Othello’s true color becomes a reality at the end. After he killed Desdemona Emilia enters in the room and sees Desdemona dying. Desdemona trying to protect Othello tells her that she killed herself, but Othello pretending to be innocent says “she’s like a liar gone to burning hell! ‘Twas I that killed her” (V. 2. 159-160). In a way he shows that black men are violent and to be feared. Emilia responded by saying “O, the more angel she, and you the blacker devil!” (V. 2. 161). It can be understood that in her view Othello’s principles and goodness have turned around; he thinks black is white, and white is black. Emilia sees a different Othello, an evil man who deceived a young girl to fall in love with him against his will.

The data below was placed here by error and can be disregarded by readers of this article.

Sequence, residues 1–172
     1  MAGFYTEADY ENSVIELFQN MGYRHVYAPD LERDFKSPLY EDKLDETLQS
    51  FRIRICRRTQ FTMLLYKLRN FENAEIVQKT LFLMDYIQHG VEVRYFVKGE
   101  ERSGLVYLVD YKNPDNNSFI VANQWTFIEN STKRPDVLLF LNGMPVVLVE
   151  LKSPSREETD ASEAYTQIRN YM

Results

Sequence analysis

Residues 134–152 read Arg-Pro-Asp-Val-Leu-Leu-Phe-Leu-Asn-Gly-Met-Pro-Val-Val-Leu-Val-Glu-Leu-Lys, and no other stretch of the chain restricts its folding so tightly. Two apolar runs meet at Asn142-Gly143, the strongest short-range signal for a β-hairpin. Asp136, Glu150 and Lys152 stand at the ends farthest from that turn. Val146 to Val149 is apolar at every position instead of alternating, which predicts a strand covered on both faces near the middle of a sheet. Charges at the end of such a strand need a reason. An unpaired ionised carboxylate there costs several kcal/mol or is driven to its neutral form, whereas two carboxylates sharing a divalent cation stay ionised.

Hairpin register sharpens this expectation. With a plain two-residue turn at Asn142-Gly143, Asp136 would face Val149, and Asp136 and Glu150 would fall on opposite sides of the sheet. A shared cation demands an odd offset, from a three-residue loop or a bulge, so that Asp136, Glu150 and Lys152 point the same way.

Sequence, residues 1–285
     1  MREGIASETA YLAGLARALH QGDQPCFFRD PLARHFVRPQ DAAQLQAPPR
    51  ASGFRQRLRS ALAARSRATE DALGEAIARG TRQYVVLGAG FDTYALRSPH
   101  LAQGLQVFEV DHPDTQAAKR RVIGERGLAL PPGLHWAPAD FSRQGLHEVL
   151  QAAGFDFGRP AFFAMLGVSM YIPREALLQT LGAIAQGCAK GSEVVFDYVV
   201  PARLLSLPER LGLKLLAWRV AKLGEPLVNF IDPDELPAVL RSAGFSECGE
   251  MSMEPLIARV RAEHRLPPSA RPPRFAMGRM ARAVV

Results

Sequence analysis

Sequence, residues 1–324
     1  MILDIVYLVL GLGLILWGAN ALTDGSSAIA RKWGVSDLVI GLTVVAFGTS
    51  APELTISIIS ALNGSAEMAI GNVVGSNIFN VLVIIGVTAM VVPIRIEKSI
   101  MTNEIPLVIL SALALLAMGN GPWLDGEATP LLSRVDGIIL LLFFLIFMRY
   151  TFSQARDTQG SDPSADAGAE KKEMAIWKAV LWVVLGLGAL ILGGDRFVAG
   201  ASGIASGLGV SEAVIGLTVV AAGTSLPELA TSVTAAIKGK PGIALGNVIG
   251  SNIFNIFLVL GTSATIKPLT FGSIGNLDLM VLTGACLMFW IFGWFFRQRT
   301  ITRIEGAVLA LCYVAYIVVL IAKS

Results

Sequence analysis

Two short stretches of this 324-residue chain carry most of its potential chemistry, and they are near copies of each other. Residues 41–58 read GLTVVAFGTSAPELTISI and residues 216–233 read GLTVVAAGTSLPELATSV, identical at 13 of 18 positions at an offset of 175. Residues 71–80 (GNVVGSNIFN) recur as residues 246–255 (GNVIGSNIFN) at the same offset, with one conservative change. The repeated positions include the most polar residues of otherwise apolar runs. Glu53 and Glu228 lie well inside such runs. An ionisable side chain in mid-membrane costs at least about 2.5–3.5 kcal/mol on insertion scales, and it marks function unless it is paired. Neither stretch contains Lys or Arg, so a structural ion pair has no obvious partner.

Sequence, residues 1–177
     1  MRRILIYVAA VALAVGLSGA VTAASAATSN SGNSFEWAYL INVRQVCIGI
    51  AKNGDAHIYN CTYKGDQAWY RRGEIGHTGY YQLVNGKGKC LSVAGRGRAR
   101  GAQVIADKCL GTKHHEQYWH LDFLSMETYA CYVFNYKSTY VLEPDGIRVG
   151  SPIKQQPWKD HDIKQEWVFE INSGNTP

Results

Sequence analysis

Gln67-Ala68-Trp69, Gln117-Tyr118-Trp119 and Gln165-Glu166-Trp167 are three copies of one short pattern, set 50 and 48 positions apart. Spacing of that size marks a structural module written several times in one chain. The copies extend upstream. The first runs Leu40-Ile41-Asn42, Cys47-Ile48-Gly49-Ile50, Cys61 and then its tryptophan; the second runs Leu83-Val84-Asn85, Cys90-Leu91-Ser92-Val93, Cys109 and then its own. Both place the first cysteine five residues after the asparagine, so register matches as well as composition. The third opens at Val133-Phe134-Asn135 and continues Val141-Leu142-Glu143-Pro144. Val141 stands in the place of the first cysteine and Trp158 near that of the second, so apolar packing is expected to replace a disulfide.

After Othello realizes that he had been tricked by Iago’s lies, he couldn’t handle the pain of knowing that he killed out of jealousy rather than for justice. As result Othello’s character is damage, but brings back the strong and good soldier of Act I. Before killing himself, he said these last words:
“No more of that. I pray you in letters,/
When you shall these unlucky deeds relate,/
Speak of me as I am. Nothing extenuate,
Nor set down aught in malice. Then must you speak/
Of one that loved not wisely, but too well;/
Of one not easily jealous, but being wrought,/
Perplexed in the extreme; of one whose hand,/
Like the base Judean, threw a pearl away/
Richer than all his tribe; of one whose subdued/
Albeit unused to the melting mood,/